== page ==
Art Preservation Through Better IAQ

At the Museum of Fine Arts (MFA) in Boston, preserving priceless works of art for future generations is the highest of priorities. The MFA houses approximately 350,000 objects, including some of the world's greatest collections of 19th-century American paintings and decorative arts, French paintings and silver, Egyptian and Asian art.

06/01/2001


At the Museum of Fine Arts (MFA) in Boston, preserving priceless works of art for future generations is the highest of priorities. The MFA houses approximately 350,000 objects, including some of the world's greatest collections of 19th-century American paintings and decorative arts, French paintings and silver, Egyptian and Asian art.

A few years ago, the MFA staff noticed a mold problem developing in some of the humidifiers. David Geldart, director of facilities at the MFA, explains, "It's very common for mold to develop in air-handling systems and generate spores that travel through the airstream to the occupied space, where it can be very detrimental to old photographs and other works of art."

To maintain good air quality and preserve the art, the staff had to drain and clean the humidifiers almost daily.

"This approach kept the mold growth in check but created a costly maintenance headache," says Geldart. "Even with all our efforts, a musty odor caused by the mold was evident in some galleries."

Seeking a better solution

To help preserve their collection and create a healthier environment, MFA officials decided to embark on an indoor-air-quality program. But because cleaning agents such as chlorine posed a danger to artwork, the MFA needed to find an alternate option.

Museum staff learned of a new technology—based on ultraviolet (UV) light in the "C" band of the spectrum, or UVC—for the control of mold proliferation in air-handling equipment.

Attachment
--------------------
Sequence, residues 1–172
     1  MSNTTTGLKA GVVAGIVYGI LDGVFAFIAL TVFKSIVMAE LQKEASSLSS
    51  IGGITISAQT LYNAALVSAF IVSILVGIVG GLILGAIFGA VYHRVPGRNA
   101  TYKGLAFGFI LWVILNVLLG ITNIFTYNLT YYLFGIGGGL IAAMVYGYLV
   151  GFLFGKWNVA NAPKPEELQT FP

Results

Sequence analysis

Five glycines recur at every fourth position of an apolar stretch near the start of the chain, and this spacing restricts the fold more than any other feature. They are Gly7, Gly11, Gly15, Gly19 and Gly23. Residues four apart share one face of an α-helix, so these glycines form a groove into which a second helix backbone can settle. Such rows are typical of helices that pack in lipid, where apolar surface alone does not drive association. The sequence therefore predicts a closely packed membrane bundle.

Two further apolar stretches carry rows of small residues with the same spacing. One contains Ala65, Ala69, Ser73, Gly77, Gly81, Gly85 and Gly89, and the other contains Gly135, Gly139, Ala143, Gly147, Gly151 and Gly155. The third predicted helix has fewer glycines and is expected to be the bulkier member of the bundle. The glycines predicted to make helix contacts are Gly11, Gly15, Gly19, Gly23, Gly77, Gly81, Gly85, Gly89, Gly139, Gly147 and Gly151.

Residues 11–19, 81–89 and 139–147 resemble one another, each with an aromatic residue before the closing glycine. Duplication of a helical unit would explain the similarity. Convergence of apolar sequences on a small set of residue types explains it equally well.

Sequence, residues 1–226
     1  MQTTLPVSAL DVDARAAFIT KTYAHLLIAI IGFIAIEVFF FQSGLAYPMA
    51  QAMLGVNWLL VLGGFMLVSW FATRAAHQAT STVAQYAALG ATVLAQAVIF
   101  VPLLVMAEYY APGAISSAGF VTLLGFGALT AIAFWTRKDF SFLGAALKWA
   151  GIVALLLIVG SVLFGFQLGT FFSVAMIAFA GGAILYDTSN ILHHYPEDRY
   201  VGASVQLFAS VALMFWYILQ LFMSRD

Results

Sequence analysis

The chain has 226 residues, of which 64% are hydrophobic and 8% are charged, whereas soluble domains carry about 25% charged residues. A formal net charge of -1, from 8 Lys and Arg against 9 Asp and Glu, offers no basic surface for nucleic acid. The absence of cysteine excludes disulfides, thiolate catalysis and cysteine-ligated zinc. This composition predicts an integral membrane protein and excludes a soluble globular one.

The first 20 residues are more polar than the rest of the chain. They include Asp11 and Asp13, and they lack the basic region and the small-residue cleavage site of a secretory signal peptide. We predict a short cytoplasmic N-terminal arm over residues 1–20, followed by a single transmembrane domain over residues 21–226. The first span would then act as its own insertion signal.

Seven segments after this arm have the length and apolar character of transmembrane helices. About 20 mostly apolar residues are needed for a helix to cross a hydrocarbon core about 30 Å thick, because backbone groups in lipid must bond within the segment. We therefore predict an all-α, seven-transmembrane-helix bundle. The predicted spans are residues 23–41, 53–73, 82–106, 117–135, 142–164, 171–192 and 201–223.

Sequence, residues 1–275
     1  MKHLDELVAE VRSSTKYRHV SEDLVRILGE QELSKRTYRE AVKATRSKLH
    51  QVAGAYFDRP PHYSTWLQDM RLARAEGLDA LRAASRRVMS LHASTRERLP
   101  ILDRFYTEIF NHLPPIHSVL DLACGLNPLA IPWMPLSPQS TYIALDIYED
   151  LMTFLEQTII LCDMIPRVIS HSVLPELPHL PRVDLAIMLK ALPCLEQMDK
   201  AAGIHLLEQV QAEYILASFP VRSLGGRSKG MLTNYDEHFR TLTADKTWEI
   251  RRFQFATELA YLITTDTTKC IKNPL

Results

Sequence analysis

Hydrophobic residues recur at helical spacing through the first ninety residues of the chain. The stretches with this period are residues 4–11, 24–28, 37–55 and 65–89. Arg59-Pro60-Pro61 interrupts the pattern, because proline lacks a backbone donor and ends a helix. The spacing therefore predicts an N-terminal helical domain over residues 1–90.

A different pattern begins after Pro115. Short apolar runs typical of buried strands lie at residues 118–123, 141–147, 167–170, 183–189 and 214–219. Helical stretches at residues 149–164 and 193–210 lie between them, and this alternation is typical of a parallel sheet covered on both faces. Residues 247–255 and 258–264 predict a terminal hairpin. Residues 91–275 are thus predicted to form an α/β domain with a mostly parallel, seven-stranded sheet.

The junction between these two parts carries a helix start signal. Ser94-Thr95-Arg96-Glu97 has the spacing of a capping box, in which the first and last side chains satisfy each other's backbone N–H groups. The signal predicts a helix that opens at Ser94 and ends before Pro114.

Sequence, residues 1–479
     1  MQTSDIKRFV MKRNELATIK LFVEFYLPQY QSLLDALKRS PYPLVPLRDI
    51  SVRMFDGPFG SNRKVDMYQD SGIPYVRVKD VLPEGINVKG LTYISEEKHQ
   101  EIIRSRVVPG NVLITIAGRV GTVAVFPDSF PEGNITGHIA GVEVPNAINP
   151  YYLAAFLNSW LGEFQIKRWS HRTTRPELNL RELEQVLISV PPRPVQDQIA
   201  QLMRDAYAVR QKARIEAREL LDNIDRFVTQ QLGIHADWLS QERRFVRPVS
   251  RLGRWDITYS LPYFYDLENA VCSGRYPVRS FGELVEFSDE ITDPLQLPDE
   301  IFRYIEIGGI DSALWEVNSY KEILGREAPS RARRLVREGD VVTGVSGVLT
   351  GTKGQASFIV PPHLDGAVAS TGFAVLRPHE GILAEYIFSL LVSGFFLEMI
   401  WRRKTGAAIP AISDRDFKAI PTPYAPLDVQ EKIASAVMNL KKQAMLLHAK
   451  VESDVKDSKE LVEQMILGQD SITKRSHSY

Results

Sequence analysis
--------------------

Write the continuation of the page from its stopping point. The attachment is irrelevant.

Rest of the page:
The germicidal properties of UVC light have been used for decades in water purification and other applications. But when conventional UVC devices were tried in air-handling equipment in the 1950s, they appeared to fail. UVC devices encountered drastic output losses when placed in moving or cold airstreams; thus, they lost their ability to destroy any harmful microbes.

In the mid-1990s, a new generation of high-output UVC devices were designed specifically for use in building heating, ventilation, air-conditioning and refrigeration (HVACR). The newer devices were shown, in testing, to destroy mold, viruses, bacteria and other microorganisms in HVACR equipment—without the use of chemicals or ozone.

Working with the vendor, the MFA decided to conduct their own test of UVC devices in the air handler experiencing the worst problems. Before installing the UVC devices—above the humidifier sump and downstream of the chilled-water coils—the installers took samples of the mold and accumulated organic materials in four locations. Cultures confirmed high concentrations of mold in all four samples. After the UVC devices had been operating for just one week, follow-up sampling showed the same areas to be virtually sterile.

After continuing the study for six months, the MFA was convinced of the UVC product's effectiveness. The MFA equipped 19 remaining air-handling systems with UVC emitters on a phased basis. While these air handlers are also equipped with state-of-the-art, high-efficiency air filters for particulate removal and carbon filters for odor control, the UVC devices provide an added dimension of performance beyond that attained through air filtration alone.

Operational benefits

Geldart reports that the standing water in the system is much clearer now, nearly eliminating his staff's twice-a-year maintenance and cleaning procedures.

"In addition, the perpetually clean coils are more energy efficient," Geldart comments. "Between the maintenance and energy savings, the lights definitely pay for themselves."

For more information on UVC Emitters from Steril-Aire, circle 102 on the Reader Service Card on page 49.





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